Book Review The Age of Miracles

Title: The Age of Miracles (Goodreads)
Author: Karen Thompson Walker
Published: Simon & Schuster, 2012
Pages: 373
Genre: Sci-Fi, Young Adult
My Copy: Paperback

Buy: Amazon, Book Depository, Kindle (or visit your local Indie bookstore)

Book Review The Age Of Miracles By Karen Thompson Walker
Book Review The Age Of Miracles By Karen Thompson Walker

I know everyone seems to be reading this novel and I try not to follow the crowd, but this book sounded too good to pass up. The Age of Miracles tells the story of eleven year old Julia and her experience in a drastic change to the world that could be the start of the apocalypse. The world is slowing down and the days are getting longer, first by a few minutes and then by hours. Julia is trying to recount the events of this difficult time; both the end of the world and being a teenager.

This is a wonderful blend of a coming of age story with a back drop of a speculative novel. Amongst the chaos and people not knowing what to do, you have a Julia talking about her journey into adulthood. But does it work? Personally I would have liked to know more about the world slowing and the speculative fiction elements, but I think the blend between young adult and genre fiction was masterfully done.

My biggest problem with this book and it’s one of my literary bête noires in post apocalypse and dystopian fiction is that Karen Thompson Walker writes this book in first person past tense. This gives me a sense of knowing what will happen in the end and there is no way to build tension. But this is only a minor issue in a book like this because this more a beautiful novel of self discovery and growing up.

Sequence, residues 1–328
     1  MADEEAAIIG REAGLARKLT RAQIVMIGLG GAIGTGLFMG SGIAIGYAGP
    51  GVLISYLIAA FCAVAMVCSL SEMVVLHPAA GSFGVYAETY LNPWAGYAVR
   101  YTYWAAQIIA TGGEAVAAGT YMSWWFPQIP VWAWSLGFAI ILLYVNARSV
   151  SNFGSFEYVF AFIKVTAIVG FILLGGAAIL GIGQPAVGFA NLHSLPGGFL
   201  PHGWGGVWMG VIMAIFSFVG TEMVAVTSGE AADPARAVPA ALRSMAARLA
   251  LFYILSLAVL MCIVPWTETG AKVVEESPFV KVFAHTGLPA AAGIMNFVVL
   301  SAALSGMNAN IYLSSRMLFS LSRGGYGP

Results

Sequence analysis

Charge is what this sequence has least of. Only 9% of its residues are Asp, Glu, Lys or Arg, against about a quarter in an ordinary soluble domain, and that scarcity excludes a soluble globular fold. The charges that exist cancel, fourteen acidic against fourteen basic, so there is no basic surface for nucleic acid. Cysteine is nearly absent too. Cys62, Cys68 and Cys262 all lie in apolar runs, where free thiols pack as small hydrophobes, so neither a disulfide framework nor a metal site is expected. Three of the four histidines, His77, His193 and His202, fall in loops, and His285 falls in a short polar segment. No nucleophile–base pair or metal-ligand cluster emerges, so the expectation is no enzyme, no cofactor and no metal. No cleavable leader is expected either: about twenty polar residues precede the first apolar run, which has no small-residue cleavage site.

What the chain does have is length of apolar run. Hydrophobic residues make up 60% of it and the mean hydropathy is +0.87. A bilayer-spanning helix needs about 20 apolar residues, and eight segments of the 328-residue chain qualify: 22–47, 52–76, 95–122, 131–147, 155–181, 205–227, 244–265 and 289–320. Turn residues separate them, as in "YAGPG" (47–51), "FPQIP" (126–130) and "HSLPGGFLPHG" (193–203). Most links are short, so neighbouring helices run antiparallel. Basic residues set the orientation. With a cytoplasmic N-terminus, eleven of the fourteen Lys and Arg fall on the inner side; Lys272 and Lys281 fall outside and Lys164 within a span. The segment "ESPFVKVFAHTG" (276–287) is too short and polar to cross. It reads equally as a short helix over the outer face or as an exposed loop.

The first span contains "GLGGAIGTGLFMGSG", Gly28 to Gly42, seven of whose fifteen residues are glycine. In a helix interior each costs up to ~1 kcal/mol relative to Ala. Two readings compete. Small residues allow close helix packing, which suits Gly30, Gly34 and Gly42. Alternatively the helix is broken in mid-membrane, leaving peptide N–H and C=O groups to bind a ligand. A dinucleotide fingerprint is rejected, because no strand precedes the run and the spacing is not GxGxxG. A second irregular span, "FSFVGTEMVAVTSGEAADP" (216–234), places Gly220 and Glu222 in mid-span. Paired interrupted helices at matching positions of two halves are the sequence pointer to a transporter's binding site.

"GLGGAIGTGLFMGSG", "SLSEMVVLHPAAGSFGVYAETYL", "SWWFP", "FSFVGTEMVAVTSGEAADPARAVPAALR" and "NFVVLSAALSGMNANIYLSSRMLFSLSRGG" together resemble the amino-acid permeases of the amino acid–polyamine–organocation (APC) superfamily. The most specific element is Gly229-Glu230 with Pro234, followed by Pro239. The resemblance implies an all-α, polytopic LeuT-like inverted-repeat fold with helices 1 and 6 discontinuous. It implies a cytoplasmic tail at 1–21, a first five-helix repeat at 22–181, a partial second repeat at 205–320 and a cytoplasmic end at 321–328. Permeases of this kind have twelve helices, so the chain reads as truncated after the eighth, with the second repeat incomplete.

Karen Thompson Walker writes with such elegance and beauty that I was surprised to find this was a debut novel. Her skill of mixing YA with speculative fiction and then making it into something that I would consider literature was just done brilliantly. She has such skill of not overshadowing the coming of age elements with the chaos of the world around her. I was surprised at how fast I read this book, I was fully immersed in this book and the beauty of what I was reading I was a little sad to see it end.

I can’t recommend this book enough; Julia was a wonderful protagonist and her journey was delightful. The Age of Miracle doesn’t give you any answers but cleverly revels what is going on without forcing anything on the reader. It’s a fascination novel with really needs to be experienced firsthand. Sure the science of the slowing would be interesting to read about but it would never work in a book like this. I must admit I look forward to see what Karen Thompson Walker does next and would be interested to find a book similar to this gem.

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